MEC: We check before we pay

2015-06-10 06:00

THE Free State Department of Health is being billed at least R6,5 million per month by the Buthelezi Ambulance Service for services rendered towards health provincially.

Dr Benny Malakoane, the Free State MEC for Health, said although the Buthelezi Ambulance Service may be billing the department millions of rands, the department does not make payments before verifying the figures first.

“We have to verify the service provided before making payments,” said Malakoane, adding that his department was accountable to the Social Services Committee housed at the Southern Life Plaza Building in Bloemfontein.

He said this on Wednesday (13/05) when replying to questions regarding the department’s critical financial state.

Despite the privatisation of emergency services as a cost-cutting measure, Malakoane told the Social Services Committee more money was needed to cover the essential services given by the department.

The Buthelezi Ambulance Service has been awarded a three-year contract by the department to supplement the department’s emergency ambulance services. The Buthelezi Ambulance Service has a fleet of 48 ambulances operating throughout the province.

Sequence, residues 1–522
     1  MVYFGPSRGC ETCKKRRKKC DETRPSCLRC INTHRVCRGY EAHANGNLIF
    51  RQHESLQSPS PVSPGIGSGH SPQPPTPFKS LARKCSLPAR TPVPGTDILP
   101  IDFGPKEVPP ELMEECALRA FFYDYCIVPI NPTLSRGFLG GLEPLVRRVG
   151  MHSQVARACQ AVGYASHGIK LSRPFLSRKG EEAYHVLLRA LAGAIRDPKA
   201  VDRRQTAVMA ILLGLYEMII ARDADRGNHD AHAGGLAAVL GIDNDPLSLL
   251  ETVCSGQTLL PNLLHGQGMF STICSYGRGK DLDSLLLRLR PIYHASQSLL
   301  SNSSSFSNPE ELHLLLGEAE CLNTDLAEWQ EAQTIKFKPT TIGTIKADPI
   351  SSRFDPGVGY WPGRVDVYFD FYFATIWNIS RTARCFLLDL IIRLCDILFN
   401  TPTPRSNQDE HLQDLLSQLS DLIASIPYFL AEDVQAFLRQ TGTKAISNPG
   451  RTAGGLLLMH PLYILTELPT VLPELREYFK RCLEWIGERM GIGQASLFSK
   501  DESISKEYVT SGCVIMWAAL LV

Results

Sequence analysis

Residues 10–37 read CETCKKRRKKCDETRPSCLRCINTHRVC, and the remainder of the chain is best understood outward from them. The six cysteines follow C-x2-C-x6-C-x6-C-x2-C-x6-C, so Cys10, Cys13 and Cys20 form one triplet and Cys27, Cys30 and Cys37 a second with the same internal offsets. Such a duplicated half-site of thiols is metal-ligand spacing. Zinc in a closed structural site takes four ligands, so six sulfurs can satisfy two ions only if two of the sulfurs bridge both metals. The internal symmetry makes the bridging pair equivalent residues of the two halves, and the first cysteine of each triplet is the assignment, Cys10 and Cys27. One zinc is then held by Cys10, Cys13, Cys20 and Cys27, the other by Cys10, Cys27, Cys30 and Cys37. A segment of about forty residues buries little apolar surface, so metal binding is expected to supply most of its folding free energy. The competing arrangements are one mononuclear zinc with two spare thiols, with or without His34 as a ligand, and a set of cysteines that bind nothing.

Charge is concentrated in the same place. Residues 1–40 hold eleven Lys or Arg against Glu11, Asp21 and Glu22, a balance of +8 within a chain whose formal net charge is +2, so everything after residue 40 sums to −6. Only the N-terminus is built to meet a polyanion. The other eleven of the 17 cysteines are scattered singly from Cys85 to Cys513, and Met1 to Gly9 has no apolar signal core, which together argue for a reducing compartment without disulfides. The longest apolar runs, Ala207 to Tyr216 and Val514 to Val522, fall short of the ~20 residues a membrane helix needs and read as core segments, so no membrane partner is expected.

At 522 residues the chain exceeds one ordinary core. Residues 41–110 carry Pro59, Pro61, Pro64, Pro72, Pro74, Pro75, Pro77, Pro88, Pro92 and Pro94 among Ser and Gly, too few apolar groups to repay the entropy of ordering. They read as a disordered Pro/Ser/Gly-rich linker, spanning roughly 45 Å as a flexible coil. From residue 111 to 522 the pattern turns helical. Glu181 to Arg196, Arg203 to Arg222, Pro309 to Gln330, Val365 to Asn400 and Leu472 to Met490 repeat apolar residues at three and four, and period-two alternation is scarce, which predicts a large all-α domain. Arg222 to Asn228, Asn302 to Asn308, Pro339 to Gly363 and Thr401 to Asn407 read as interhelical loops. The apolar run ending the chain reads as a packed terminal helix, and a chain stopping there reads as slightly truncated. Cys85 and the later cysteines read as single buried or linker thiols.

Mariette Pittaway, the DA’s member in the Provincial Legislature, has raised concerns about the department overspending by R46 million on emergency medical services.

Malakoane explained that although the budget for the department had decreased, the demand for health services had also increased.

“The department also provides services to people from Lesotho, the Northern Cape, the Eastern Cape and some regions of Gauteng,” he said.

He further stated that government had to restructure the equitable share formula, which was bleeding the provincial coffers.

According to this formula, provinces are allocated funds according to the population in the respective provinces.

With the Free State population declining steadily, Malakoane said the government did not take into consideration people from other provinces and countries such as Lesotho flocking to the Free State for health services.

Malakoane added that the treasury had reduced the Free State Department of Health’s budget by R148 million in the current 2015-’16 financial year.

It emerged that the Free State Department of Health was still in a dire financial crisis and struggling with accruals to the amount of R800 million.

Malakoane said the turnaround strategy of the department would focus on financial policies, internal controls and cash flow management, which he said were the department’s biggest weaknesses


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